But, on a more serious note, I think the results that we saw, which gave the SNP virtually a 100% of the seats in Scotland the last time around, were also freakish. I think one should accept that they were freak results, and one should not compare the present election results using that as a baseline.
PP: Coming to the other issue that you talked about, Corbyn and Labour, essentially Corbyn was being challenged inside the Labour Party, and as you know, Corbyn was always the outsider, supported peace, supported all forces against armed intervention, supported the Palestine liberation struggle, supported that, you know, we should end occupation of Israel. All of these issues now is, what was unthinkable for the British political centre as it were, Corbyn has been a part of that. Do you think that this would also mean a relook for British foreign policy, particularly with respect to military adventures in West Asia?
DR: It may, it may not. And the reason I’m saying it may not is because, I think Jeremy Corbyn has done a tremendous job at these elections in restoring the centrality of the Left to Labour politics, and prevented Labour from shifting further to the Right. They have got 262 seats in Parliament now, which I think was inconceivable just a few months ago. But 262 are still not 326. And there are many even within the Labour Left who concede today that in order to get back into a winning proposition, Jeremy Corbyn will also have to embrace sections of the Blairite Labour in order to cross that threshold which, at the moment at least, he seems to have difficulty in being able to. Maybe time will tell, and maybe he will be able to engineer a movement further to the Left.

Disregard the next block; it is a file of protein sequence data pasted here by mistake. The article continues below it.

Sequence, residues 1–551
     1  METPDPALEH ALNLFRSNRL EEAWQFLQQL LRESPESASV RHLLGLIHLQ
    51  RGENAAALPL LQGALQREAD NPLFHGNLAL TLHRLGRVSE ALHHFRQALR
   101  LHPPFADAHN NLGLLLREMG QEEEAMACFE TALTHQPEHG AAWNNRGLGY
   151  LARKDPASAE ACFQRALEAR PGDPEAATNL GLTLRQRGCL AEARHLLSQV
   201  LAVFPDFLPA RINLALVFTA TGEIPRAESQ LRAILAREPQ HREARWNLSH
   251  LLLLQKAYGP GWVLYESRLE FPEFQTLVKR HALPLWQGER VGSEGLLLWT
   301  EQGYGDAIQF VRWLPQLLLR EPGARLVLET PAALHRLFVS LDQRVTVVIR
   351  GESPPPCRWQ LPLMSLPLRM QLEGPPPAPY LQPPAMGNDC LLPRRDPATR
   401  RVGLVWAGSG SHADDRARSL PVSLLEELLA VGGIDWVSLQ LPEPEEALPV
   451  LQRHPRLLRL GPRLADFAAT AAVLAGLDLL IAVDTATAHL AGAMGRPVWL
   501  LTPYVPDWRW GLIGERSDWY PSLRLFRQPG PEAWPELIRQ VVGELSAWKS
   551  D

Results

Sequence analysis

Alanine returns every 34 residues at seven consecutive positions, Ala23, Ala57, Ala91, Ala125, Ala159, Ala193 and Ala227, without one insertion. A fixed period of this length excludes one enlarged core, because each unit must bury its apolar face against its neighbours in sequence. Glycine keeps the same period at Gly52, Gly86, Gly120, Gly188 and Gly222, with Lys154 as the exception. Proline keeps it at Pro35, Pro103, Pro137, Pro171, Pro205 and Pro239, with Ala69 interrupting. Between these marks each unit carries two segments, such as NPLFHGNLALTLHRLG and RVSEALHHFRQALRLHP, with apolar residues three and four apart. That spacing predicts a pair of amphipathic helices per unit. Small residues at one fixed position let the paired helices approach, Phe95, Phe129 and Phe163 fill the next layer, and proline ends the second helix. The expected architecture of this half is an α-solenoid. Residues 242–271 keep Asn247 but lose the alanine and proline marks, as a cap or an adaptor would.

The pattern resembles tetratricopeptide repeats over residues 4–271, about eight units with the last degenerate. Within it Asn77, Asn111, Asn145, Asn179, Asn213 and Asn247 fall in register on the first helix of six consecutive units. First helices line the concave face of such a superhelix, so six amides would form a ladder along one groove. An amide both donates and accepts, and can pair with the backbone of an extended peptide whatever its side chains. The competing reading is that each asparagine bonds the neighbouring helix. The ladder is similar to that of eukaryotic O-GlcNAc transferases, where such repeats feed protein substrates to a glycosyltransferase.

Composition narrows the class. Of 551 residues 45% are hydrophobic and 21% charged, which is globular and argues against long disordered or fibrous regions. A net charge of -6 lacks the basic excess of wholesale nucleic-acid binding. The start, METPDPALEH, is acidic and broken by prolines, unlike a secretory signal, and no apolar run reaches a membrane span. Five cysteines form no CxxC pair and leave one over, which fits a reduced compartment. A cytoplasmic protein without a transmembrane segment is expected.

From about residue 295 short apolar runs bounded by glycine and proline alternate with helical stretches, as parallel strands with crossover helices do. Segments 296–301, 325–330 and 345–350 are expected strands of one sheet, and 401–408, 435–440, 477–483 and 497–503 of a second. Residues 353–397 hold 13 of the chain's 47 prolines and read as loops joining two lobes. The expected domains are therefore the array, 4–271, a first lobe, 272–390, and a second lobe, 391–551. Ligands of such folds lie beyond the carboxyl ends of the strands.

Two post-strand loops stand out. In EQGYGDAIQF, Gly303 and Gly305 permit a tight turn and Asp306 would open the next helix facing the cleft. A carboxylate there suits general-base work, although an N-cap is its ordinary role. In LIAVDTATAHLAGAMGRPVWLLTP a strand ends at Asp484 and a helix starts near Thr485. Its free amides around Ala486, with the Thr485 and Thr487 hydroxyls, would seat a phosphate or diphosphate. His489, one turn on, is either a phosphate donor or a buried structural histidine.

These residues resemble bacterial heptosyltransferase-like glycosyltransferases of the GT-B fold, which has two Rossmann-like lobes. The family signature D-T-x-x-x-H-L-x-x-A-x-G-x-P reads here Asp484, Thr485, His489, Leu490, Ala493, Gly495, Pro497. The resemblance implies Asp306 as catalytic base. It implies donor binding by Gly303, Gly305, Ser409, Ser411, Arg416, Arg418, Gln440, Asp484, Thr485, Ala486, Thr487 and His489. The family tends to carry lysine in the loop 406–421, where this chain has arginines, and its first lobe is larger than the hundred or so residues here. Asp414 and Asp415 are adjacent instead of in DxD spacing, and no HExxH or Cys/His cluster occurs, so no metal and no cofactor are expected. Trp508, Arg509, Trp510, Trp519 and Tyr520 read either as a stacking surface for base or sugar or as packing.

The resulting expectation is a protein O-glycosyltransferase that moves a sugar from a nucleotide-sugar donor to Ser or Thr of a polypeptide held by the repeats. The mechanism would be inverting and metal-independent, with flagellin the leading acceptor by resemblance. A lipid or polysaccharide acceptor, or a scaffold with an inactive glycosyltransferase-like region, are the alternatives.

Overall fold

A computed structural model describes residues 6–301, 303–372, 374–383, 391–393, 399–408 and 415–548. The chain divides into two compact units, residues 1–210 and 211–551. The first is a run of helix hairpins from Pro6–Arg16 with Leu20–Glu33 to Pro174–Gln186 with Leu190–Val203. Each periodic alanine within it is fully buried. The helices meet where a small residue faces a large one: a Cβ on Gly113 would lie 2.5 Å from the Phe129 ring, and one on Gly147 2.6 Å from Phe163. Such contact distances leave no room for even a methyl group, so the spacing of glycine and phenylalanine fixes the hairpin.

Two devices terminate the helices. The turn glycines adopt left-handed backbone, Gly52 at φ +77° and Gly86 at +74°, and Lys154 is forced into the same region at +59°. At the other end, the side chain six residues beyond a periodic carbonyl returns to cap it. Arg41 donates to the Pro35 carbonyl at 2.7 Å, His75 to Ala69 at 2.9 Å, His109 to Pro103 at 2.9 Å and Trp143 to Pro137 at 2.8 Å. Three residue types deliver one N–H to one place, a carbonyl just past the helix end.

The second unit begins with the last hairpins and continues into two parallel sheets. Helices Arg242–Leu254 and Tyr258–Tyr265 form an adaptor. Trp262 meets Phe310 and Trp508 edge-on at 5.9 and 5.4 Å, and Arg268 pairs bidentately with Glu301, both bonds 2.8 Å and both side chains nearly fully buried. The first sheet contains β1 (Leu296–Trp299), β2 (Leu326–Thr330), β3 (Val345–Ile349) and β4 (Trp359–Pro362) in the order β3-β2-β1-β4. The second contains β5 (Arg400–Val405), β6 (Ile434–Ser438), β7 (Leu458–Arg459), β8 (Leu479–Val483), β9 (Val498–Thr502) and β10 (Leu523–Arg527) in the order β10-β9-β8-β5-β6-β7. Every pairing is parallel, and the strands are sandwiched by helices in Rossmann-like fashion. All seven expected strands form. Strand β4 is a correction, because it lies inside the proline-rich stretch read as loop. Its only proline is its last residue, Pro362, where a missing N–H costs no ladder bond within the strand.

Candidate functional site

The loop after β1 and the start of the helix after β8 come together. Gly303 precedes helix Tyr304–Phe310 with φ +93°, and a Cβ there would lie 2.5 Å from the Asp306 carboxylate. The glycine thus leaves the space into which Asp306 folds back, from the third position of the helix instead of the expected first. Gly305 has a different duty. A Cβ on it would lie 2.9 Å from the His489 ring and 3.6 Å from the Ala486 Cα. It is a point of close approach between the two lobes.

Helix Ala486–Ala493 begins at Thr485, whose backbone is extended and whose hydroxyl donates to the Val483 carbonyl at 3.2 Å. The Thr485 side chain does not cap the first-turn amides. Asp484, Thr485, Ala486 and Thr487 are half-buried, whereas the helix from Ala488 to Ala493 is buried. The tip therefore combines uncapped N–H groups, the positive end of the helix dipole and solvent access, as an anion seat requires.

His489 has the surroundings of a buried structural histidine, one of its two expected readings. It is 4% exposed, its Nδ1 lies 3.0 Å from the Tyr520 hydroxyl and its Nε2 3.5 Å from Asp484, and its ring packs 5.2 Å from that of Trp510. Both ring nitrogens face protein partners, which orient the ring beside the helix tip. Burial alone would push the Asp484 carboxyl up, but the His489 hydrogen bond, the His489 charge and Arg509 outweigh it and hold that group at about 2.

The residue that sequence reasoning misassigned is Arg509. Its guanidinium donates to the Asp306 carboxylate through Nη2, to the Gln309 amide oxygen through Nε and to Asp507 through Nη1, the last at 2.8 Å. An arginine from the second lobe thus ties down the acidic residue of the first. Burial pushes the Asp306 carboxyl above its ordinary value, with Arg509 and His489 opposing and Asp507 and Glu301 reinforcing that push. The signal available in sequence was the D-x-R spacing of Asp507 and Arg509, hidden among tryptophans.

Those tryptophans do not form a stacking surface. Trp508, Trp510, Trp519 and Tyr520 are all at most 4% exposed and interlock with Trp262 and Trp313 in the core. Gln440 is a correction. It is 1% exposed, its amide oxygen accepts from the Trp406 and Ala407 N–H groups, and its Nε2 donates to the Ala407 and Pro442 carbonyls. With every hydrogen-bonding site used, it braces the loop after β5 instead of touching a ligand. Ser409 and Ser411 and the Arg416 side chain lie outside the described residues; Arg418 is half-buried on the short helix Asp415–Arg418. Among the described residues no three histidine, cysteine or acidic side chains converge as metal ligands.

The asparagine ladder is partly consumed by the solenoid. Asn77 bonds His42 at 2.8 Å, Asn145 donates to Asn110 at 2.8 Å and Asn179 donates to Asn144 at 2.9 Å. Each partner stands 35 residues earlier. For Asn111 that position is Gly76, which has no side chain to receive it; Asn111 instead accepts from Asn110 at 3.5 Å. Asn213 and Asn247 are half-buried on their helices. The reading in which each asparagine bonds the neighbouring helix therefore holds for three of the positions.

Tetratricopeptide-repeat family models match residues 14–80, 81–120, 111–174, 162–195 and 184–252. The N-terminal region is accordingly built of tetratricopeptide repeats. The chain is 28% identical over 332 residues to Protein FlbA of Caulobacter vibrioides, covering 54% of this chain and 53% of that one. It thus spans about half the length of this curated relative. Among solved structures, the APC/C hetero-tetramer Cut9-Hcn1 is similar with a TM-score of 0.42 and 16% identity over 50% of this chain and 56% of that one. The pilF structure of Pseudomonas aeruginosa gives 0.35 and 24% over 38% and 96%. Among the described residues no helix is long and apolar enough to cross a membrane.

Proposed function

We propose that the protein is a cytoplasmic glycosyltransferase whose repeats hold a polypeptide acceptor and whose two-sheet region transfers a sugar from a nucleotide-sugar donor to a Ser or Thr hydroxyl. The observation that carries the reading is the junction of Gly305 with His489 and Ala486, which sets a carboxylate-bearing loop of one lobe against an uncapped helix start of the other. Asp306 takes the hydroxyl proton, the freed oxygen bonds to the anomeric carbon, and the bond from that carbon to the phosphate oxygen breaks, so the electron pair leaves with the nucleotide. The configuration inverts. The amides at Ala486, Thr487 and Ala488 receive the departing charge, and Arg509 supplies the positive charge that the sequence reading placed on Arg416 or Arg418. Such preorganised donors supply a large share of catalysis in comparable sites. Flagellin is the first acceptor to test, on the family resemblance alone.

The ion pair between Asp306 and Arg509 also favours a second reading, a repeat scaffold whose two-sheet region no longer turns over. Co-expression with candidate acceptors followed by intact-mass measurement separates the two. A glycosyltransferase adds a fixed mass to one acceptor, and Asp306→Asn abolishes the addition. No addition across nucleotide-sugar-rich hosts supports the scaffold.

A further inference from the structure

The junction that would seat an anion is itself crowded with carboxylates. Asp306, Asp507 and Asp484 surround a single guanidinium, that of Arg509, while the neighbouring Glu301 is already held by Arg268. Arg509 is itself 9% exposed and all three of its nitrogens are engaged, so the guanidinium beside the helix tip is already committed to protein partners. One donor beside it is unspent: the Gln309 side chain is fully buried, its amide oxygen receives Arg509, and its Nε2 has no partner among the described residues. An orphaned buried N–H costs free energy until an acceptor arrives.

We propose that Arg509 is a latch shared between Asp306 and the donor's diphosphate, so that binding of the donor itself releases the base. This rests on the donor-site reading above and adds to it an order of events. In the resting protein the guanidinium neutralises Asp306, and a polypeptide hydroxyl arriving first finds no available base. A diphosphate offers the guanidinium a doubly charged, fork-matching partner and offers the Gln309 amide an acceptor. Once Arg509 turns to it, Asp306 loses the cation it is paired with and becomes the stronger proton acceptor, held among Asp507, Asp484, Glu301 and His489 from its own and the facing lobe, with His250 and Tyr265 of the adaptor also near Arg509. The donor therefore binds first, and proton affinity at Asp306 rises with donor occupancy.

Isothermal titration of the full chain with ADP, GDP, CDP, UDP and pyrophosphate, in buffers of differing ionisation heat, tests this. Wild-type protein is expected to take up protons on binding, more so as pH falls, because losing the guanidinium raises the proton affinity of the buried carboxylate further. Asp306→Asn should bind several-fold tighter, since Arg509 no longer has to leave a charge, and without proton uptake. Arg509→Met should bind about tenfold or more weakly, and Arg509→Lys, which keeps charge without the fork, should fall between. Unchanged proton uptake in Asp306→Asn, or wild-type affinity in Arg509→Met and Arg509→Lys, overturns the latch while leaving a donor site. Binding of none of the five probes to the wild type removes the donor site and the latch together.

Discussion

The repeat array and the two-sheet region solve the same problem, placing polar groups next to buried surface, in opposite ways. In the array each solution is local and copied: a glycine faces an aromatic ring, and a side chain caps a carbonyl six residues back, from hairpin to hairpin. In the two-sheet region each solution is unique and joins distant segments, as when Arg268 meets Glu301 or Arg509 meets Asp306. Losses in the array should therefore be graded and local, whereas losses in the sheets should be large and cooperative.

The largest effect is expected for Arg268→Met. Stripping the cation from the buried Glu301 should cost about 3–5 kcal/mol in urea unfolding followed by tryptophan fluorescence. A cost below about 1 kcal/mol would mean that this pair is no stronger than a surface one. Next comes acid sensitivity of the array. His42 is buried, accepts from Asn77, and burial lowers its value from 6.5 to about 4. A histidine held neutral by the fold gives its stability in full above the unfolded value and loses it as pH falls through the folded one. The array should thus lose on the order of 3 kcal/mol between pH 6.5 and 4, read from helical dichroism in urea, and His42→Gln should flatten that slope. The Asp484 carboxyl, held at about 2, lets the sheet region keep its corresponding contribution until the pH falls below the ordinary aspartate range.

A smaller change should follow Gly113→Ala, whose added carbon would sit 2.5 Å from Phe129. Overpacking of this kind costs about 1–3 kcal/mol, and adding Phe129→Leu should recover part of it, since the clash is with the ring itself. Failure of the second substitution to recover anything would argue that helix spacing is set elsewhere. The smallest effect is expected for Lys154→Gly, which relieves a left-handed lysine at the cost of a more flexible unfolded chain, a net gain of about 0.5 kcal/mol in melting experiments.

PP: But, after the attacks in Manchester and also London, he’s the only politician who stood up and said this is because of what we have done ourselves in Libya, this what we have done in West Asia, and also focussing on reduction of health services means that you could not handle emergencies, reducing policemen you could not really monitor the people you needed to. So his attack on what happened, particularly on Theresa May who was home secretary during all of this period, was also very different from a mainstream politician in England, who generally have always sided, said let’s all close ranks, these are very bad people from outside who are doing all this, we had nothing to do with it. And the first-time recognition that the UK was responsible for what happened in Libya and also part of the blowback, however reprehensible the bombing in Manchester or London bridge attack was. Point is there is also a complicity of having fostered this. Jeremy Corbyn is the only leading UK politician ever to have said this.